In no particular order, and for no particular reason, here are a few of my favorite things from the world of culture in 2011. (Caveat: not a “best of,” mind you, just some stuff I liked.)
(Book) The Illumination by Kevin Brockmeier- Imagine our pain, physical, psychological and emotional, illuminating from our bodies. If we saw each others pain, would we become more empathetic human beings? Or take it all in stride? That, to me, is the central question raised in Brockheimer’s (dystopian?) novel. And amid all that pain, there is love, represented by a book of declarations that no one seems to want to let go of. Love, somehow, can be more important to hold on to than pain, it seems. Yet we often choose the opposite.
(Film/Film Review) Poetry / Review of Poetry in the New York Times- There are several things that can draw you to a film: word-of-mouth recommendations, favorite directors or actors, enticing trailers or great reviews, et al. Earlier in the year, it was a single review of Poetry by Manohla Dargis in the New York Times that made me want to see it. It was one of the most beautiful and well written reviews I could recall. When Poetry finally arrived at The Belcourt some months later, it was for me one of the most highly anticipated films of the year (take that, War Horse). It was heartbreakingly beautiful. Thank you, Manohla.
(Film) The Artist – So entertaining I saw it twice, and brought my sister along the second time. She, for whom “black-and-white silent film” does not scream “must-see,” loved it.
(Concert) U2 360 Tour at Vanderbilt Stadium – It was everything I wanted it to be, and saved me from having to admit I had only seen U2 on the awful PopMart Tour. They brought the stadium rock show, and I was redeemed. Hell, I even enjoyed “Even Better Than The Real Thing,” a song I always skipped on Achtung Baby. And classic U2 songs aside, I forgot how much I like that song “Stay (Faraway So Close).”
(Band/Show) The David Wax Museum at the Americana Music Association Festival – The best part of attending a festival of any sort is discovery. I might be late to the game, but The David Wax Museum’s gig at the Station Inn was the find, and highlight, of the Festival for me. Thoroughly unique and highly entertaining. This year, I seemed to be really interested in things that made me happy. They made me happy. As does the video for “Born with a Broken Heart.”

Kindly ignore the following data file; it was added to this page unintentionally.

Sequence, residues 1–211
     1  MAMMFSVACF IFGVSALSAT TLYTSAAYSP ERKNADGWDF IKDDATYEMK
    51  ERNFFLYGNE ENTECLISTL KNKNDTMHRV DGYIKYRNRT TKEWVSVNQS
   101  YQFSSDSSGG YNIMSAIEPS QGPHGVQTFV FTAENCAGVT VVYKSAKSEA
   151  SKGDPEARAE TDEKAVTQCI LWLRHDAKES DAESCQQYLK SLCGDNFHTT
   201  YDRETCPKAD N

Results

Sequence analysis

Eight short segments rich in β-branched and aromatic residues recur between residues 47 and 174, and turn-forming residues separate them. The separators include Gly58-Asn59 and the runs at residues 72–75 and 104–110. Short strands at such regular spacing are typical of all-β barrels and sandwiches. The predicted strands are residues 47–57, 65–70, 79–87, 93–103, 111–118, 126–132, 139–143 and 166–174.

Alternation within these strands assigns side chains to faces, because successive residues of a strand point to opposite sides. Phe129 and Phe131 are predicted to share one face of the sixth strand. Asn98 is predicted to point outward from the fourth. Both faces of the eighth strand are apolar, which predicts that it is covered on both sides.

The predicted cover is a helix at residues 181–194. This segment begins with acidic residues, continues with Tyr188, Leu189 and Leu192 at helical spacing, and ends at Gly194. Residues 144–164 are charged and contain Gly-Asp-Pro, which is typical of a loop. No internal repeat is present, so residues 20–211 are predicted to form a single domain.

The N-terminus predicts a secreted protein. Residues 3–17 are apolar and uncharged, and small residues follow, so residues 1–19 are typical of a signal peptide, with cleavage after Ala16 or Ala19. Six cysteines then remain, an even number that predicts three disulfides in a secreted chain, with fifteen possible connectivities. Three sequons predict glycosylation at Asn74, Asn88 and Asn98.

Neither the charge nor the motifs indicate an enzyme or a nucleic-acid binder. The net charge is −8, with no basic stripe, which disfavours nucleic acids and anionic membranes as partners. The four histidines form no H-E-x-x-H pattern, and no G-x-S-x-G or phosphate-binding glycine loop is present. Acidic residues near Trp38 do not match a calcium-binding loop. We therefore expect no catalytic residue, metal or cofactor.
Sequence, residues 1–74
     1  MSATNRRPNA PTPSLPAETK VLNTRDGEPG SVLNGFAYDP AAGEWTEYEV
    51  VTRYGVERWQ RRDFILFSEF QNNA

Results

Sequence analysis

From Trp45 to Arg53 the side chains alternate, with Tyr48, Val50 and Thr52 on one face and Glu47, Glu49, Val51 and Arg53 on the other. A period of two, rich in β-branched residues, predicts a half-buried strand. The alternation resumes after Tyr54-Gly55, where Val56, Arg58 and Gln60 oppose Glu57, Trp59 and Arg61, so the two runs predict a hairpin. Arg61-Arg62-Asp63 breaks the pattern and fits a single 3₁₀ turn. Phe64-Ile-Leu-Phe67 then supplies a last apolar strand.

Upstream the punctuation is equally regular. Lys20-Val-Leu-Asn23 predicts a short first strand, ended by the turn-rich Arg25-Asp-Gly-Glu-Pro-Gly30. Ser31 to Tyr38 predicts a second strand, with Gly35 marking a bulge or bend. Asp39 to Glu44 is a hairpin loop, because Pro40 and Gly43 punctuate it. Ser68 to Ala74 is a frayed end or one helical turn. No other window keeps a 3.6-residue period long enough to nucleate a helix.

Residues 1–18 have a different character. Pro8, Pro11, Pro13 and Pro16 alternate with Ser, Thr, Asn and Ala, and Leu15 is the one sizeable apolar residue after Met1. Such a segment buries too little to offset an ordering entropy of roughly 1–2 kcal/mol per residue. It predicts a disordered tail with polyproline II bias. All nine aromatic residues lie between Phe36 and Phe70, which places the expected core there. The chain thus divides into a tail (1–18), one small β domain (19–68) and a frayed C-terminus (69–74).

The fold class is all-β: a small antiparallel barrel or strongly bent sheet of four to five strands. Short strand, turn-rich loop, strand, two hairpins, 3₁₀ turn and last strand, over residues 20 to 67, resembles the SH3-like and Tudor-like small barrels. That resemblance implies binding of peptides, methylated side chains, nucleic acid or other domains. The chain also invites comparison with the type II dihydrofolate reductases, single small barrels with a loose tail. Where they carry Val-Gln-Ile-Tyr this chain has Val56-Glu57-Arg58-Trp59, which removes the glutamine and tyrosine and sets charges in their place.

(Art) Norma Jeane #Jan25 at the Venice Biennale — I got lucky this year and was in Italy at the same time as the Venice Biennale, which has long been a dream of mine to attend. One of the few personal blog posts I wrote this year was about the exhibit by the alias known as Norma Jeane:
It’s an interactive installation meant to break down and transform over time as visitors engage with it. It started as a tidy block of plasticine in late May (see the picture below of how it started) in the colors of the Egyptian flag: black, white and red, and its title, #Jan25 (#Sidibouzid, #Feb12, #Feb14, #Feb17…) refers to some of the most popular hashtags on Twitter during recent Egyptian and Arab world uprisings. You can still make out some of the block in the pictures, but you can also see how complete and creative chaos have taken over the room. Visitors are encouraged to take apart the block and for the most part, do whatever they please, even take some of it with them, as long as they don’t leave it in another exhibit. The result is overwhelming and moving. And sometimes it’s funny, even though what Norma Jeane is getting at is nothing but. There are love notes, “I was here” type creations, and humor.
Check out the rest of the pictures on the original post or over at My Modern Met, which was kind enough to publish them as well. And speaking of, My Modern Met may be my favorite web site discovery of the year. It’s a daily dose of beauty and inspiration.